May 20, 2021
By Sean Chaffin
A long and strange season finally came to a close on Tuesday night with Brek Schutten not only scoring his first WPT cash, but winning a title. He took down the WPT Seminole Hard Rock Poker Showdown for almost $1.3 million. Schutten may now be a member of the WPT Champions Club, but over the last year he’s been on the pandemic front lines as an intensive care nurse.
Schutten also mixes in some poker and came into the final table second in chips. Not only is he now a WPT champion, the 32-year-old player from Grand Rapids, Michigan, also won the largest Main Tour field in history with 2,482 entries and a $7.9 million prize pool.
“One word, surreal,” he said after winning. “You play a tournament and everybody except one person ends up disappointed at the end and this time, I’m the person who’s not disappointed.”
The win brings some joy and relief after such a trying year. His time working on his poker skills and preparing for the final table also paid off.
“It’s just rewarding in that sense,” he says. “I’ve put in time at the hospital and saw COVID first-hand quite a bit. Then, things start to open back up and I go down to Florida, and to win the thing is an amazing feeling.”
In interviews before the final table, Schutten said he never dreamed of making it this far in the tournament. He first became interested in the game six years ago after hearing an ad on the radio for a poker tournament. That intrigued him and he jumped in the action. Prior to the Showdown, his poker resumé included $646,000 in live tournament winnings. That record has certainly been padded now.
As the day played out on Tuesday, Schutten just seemed to pick up pot after pot and eliminated four of the other five players. An early key hand developed between Schutten and fellow chip leader Sonny Franco. After a Franco raise to 1 million from the dealer button, Schutten reraised to 3.5 million with pocket Queens.
Franco called and the flop brought . Schutten bet 2.3 million and Franco called. The turn brought the and Schutten bet 4 million. After using a time chip, Franco made that 9 million. After some thought, Schutten moved all in for 34.4 million and forced Franco to fold. It was a pivotal hand that rocketed Schutten’s chip stack higher.
“I remember thinking when I shoved Queens there, ‘this is not the right play no matter what, but this is such a big spot, I don’t want to face a river shove if a spade or Ace got there,’” he says. “I think the spot got a little too big for me but I was happy to take the pot down.”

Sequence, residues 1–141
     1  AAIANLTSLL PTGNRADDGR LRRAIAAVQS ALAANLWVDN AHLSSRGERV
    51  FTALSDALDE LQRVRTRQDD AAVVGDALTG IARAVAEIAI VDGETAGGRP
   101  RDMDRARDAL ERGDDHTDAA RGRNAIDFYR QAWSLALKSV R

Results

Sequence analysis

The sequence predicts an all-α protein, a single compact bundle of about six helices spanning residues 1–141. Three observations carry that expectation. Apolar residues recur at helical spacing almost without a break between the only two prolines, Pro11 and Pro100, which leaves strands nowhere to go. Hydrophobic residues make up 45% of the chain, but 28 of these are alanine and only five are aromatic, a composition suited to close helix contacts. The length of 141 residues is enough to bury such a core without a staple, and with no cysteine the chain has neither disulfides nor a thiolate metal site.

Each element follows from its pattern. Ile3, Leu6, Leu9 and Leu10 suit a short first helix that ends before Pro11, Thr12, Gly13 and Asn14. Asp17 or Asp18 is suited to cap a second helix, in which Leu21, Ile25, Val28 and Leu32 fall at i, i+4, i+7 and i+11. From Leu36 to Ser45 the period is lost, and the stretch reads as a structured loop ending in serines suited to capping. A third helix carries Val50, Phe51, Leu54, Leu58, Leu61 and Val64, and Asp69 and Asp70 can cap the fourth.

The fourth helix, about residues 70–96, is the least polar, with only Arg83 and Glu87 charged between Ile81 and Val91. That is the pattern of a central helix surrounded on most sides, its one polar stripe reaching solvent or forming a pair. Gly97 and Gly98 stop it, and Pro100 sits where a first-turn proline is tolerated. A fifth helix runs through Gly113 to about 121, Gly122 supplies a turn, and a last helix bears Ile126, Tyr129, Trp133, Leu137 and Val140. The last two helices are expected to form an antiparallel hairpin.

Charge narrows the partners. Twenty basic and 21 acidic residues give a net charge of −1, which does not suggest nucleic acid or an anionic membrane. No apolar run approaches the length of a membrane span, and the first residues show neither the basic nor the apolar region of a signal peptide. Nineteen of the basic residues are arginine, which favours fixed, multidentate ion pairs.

After eliminating Viet Vo in third place, Schutten found himself heads-up with Steven Snyder for the title. He held a chip lead of about 40 big blinds and continued to pound at his opponent throughout heads-up play. The final hand saw Schutten raise to 2.5 million and Snyder call. The flop brought and Snyder checked. Schutten bet 2 million with for three of a kind and Snyder raised to 4.8 million with for the nut flush draw.
Schutten called and the turn brought the . Snyder bet 5.2 million and Schutten then moved all in for 61.8 million. His opponent used a time chip to consider his options before finally calling the last of his 21.9 million. The river brought the and Schutten became the latest player to add his name to the Mike Sexton WPT Champions Cup. For runner-up, Snyder scored $899,295.
After returning to the Showdown action, Schutten had to adjust his gameplan a bit as the final table played out.
“My expectations were that I would be able to do well in position against Sonny,” he says. “It didn’t really happen like I expected because I didn’t get many hands against him. But then, people were doubling up and I got some cards to knock some people out. [Heads-up], I tried to get a bunch of chips in the pot and steamroll at that point. It seemed to work out.”
A man of faith, Schutten plans to use some of his winnings to pay for Christian schools for his four children and donate some to the schools as well. Another portion will also go toward retirement and investing. He also promised his wife a unique present after the win.
“She came to ARIA and was so enthralled with the heated toilet seat,” he says. “So we’ve got to go with that.”
As play was winding down in the PokerGO Studio, scoring a WPT title was all Schutten could envision. He sat in a position any poker player would envy, with an opportunity to accomplish a dream. There just seemed to be no thoughts of not getting it done.
“I’ve made it to heads-up and it’s good either way, whether I win or lose,” he told his wife during the dinner break. “Right now, it’s about winning. I’ve made it this far, what are the chances I’ll make it this far again in a WPT and be able to win it again the next time.”
Sean Chaffin is a freelance writer in Crandall, Texas, and his work appears in numerous websites and publications. Follow him on Twitter @PokerTraditions.